Moreover, competent students tended to underestimate their own competence, because they erroneously presumed that tasks easy for them to perform were also easy for other people to perform. Incompetent students improved their ability to estimate their class rank correctly after receiving minimal tutoring in the skills they previously lacked, regardless of any objective improvement gained in said skills of perception.[2] The study Mind-Reading and Metacognition: Narcissism, not Actual Competence, Predicts Self-estimated Ability (2004) extended the cognitive-bias premise of illusory superiority to test subjects' emotional sensitivity toward other people and their perceptions of other people.

The study How Chronic Self-Views Influence (and Potentially Mislead) Estimates of Performance (2003) indicated a shift in the participants' view of themselves when influenced by external cues. The participants' knowledge of geography was tested; some tests were intended to affect the participants' self-view positively and some were intended to affect it negatively. The participants then were asked to rate their performances; the participants given tests with a positive intent reported better performance than did the participants given tests with a negative intent.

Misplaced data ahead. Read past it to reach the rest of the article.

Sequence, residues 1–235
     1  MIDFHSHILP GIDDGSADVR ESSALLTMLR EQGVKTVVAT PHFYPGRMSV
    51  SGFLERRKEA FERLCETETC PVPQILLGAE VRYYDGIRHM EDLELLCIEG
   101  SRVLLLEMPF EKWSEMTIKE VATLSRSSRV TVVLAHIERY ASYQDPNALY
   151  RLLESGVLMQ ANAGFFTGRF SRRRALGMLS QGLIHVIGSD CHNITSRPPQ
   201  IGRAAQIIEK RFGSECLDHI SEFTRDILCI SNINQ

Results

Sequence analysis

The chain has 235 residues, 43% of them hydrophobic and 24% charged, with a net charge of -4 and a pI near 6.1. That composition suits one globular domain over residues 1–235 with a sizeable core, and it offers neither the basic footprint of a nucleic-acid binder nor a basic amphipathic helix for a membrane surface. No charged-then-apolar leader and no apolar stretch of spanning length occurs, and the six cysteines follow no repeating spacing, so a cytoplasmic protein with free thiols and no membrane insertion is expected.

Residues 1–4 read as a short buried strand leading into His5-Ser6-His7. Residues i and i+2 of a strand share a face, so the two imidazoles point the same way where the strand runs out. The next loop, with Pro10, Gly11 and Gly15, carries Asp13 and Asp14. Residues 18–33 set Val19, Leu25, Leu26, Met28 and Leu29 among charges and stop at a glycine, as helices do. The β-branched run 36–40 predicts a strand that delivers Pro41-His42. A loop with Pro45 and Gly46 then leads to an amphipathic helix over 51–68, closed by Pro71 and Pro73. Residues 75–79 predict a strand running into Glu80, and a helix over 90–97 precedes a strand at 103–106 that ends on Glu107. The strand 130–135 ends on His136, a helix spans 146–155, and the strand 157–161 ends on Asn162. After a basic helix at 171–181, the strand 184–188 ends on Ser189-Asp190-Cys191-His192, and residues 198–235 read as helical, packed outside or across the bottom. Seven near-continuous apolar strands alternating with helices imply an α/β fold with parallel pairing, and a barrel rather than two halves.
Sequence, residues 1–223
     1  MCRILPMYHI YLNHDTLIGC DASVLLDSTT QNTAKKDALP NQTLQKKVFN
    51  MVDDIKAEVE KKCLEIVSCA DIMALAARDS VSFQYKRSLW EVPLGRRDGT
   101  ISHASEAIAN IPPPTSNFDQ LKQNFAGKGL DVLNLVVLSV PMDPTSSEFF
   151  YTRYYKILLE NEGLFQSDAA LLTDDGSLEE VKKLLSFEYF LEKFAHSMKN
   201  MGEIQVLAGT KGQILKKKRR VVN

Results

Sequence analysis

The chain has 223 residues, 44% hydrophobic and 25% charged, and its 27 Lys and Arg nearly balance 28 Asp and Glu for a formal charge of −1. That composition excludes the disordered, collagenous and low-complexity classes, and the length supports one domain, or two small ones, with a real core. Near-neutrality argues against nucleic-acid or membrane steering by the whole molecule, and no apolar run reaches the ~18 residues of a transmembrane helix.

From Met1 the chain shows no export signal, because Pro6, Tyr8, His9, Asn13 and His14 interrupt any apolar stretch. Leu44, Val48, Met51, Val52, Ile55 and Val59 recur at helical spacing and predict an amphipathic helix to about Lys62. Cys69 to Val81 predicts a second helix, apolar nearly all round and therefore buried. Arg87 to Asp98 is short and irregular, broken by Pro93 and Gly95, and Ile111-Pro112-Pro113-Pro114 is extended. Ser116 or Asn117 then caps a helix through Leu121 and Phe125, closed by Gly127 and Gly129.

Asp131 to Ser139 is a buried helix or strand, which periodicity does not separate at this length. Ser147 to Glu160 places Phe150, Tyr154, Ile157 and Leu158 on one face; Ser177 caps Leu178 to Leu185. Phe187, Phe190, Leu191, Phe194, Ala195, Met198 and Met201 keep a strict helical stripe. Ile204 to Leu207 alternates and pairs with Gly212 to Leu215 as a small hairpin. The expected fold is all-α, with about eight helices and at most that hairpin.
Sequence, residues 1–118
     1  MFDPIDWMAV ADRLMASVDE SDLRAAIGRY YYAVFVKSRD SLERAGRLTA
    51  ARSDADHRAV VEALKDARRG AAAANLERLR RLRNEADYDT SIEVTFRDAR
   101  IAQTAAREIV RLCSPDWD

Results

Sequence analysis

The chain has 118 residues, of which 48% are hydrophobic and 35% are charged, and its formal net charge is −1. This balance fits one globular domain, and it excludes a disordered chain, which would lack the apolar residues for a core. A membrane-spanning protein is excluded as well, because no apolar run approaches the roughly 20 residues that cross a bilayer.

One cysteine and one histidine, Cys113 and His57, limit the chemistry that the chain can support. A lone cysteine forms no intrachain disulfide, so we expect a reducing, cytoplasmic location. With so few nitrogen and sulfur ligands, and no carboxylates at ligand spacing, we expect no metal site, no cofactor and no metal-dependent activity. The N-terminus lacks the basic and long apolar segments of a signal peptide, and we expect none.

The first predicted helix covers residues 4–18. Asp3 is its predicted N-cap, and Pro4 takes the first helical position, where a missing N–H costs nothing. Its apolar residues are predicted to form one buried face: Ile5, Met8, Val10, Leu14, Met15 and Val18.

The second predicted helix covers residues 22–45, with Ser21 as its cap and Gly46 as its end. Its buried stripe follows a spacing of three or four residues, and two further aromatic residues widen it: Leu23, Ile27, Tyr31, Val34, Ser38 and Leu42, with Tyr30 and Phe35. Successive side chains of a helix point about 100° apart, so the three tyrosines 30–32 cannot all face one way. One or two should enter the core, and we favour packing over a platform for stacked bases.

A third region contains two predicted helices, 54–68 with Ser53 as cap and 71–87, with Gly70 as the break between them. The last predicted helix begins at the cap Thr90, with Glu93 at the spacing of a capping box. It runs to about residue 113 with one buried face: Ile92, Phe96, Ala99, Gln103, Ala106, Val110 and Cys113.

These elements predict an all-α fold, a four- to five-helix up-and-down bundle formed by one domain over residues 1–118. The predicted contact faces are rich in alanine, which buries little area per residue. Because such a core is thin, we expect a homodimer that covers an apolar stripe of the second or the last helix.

To test Dunning and Kruger's hypotheses, "that people, at all performance levels, are equally poor at estimating their relative performance", the study Skilled or Unskilled, but Still Unaware of It: How Perceptions of Difficulty Drive Miscalibration in Relative Comparisons (2006) investigated three studies that manipulated the "perceived difficulty of the tasks, and, hence, [the] participants' beliefs about their relative standing". The investigation indicated that when the experimental subjects were presented with moderately difficult tasks, there was little variation among the best performers and the worst performers in their ability to predict their performance accurately. With more difficult tasks, the best performers were less accurate in predicting their performance than were the worst performers. Therefore, judges at all levels of skill are subject to similar degrees of error in the performance of tasks.